What’s the difference between a home equity loan and a line of credit

While the phrases “home equity loan” and “home equity line of credit” are sometimes used interchangeably, they are different loan products.

What is a home equity loan?

Home equity loans are lump-sum loans that use the equity in your home as collateral.

Home equity loans offer homeowners with built-up equity access to a large amount of money, typically with lower interest rates than most personal loans. Home equity loans are also often easier to qualify for since the home is used to guarantee the loan. 

Lenders typically consider home equity loans less risky than personal loans, often resulting in better terms for borrowers. 

What is a home equity line of credit?

Like a home equity loan, a home equity line of credit (HELOC) allows homeowners to borrow money using the equity in their home as collateral. But unlike a home equity loan, a line of credit is not a lump sum of cash. 

A HELOC works a lot as a credit card does. 

  • Your HELOC will have a credit limit
  • You can borrow any amount up to that limit
  • You pay interest on the amount you borrow, not on the entire amount 
  • Once the money is repaid, you can borrow up to the same limit again

Some HELOCs offer debit cards that you can use at any ATM.

How to use a home equity loan calculator

If you’re looking at home equity loans or lines of credit, you can estimate your home equity using a mortgage calculator. To calculate how much equity you’ve built up, simply choose the refinance option under loan type. 

Home equity loan requirements

Applying for a home equity loan will be similar to the process of applying for a mortgage. You’ll need to submit documentation that verifies your identity, employment, and income and provide the details about your mortgage.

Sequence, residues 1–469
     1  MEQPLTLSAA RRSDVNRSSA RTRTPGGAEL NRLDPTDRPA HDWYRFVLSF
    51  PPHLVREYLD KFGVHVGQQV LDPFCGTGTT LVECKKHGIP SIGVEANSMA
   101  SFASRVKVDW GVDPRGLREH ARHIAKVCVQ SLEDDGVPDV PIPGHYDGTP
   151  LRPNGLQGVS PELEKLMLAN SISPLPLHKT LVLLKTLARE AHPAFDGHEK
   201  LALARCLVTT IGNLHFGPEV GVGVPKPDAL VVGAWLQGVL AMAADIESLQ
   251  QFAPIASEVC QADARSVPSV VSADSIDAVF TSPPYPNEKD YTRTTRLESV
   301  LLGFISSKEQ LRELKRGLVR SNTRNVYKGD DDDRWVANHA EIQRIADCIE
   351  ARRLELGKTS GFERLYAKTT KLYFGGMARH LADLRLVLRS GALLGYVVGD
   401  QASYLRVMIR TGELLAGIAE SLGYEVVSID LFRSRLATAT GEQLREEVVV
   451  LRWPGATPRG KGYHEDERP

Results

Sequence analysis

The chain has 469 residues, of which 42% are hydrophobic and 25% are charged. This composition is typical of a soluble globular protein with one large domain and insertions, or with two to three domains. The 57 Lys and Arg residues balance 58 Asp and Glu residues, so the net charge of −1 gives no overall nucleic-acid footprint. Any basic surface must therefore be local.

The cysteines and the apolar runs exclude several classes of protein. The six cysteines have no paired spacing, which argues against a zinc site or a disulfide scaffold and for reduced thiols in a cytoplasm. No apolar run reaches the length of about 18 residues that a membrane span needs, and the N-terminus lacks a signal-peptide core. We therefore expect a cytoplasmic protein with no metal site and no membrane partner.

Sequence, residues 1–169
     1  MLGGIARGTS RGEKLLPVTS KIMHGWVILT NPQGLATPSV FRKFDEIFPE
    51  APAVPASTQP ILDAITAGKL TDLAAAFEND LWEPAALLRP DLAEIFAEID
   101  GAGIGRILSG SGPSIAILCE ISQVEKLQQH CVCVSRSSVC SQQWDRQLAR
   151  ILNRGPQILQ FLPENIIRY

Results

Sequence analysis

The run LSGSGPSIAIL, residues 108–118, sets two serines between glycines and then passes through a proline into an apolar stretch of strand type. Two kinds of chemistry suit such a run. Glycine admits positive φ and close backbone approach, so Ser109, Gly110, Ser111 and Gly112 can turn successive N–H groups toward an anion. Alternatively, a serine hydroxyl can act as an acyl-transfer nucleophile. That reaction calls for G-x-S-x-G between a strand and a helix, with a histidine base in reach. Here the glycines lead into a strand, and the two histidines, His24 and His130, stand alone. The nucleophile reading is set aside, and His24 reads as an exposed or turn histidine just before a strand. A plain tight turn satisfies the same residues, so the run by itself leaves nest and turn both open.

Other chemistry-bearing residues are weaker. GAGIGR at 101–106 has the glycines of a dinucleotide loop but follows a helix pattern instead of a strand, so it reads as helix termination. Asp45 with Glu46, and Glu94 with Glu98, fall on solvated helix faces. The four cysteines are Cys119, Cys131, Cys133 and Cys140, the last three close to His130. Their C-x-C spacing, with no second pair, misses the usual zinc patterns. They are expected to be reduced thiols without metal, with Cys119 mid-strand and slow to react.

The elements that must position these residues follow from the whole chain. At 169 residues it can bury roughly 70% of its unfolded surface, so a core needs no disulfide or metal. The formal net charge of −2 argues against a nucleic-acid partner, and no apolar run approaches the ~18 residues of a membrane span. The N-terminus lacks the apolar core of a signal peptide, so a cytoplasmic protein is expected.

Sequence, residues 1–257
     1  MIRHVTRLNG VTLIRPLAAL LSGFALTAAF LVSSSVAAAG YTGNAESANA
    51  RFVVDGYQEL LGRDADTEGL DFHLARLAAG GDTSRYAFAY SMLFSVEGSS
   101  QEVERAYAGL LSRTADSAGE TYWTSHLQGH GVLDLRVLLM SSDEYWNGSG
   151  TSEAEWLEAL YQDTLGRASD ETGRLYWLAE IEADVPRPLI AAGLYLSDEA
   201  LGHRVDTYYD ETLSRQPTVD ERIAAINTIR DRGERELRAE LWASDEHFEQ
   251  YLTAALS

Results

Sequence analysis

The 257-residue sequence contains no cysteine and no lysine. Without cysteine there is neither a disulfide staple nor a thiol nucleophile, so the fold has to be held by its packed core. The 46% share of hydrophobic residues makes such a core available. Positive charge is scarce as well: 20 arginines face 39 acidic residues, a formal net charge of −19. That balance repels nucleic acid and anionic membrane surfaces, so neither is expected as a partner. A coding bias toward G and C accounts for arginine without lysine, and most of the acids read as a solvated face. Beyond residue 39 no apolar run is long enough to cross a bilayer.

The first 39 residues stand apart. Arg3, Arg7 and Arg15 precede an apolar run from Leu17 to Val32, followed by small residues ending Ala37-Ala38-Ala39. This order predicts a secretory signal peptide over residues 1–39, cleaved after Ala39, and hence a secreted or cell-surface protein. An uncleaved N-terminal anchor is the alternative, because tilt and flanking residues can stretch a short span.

Because your credit score not only impacts the potential home equity loan rates you might receive but can also make or break your loan application, it’s a good idea to check your credit score before you start. 

The stronger your credit score, the greater your chances of being approved for a home equity loan or line of credit. 

Additional home equity loan requirements include

  • A credit score of 680 or more
  • At least 20% home equity or a maximum loan-to-value (LTV) ratio of 80%
  • A maximum debt-to-income ratio of 43%

A lender will typically also request a home appraisal to help establish your home’s current value. 

How can I apply for a home equity loan?

Now that you understand what home equity is and how you can use it to finance important expenses, AAA Banking can help you move forward.

If you’re ready to apply for a home equity line of credit, start your application online.

Reach out to a licensed loan officer at AAA Banking today if you still have questions about home equity and what kind of rates you could qualify for.

Photo by Tima Miroshnichenko